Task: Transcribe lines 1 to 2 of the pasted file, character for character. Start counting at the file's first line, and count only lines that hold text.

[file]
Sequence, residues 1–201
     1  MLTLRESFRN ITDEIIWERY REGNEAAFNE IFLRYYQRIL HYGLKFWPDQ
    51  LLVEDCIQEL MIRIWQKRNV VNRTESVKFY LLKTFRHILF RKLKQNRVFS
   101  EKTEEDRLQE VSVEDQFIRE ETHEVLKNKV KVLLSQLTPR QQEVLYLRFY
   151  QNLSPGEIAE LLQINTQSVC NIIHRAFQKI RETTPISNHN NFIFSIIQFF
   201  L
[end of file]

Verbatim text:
Sequence, residues 1–201
     1  MLTLRESFRN ITDEIIWERY REGNEAAFNE IFLRYYQRIL HYGLKFWPDQ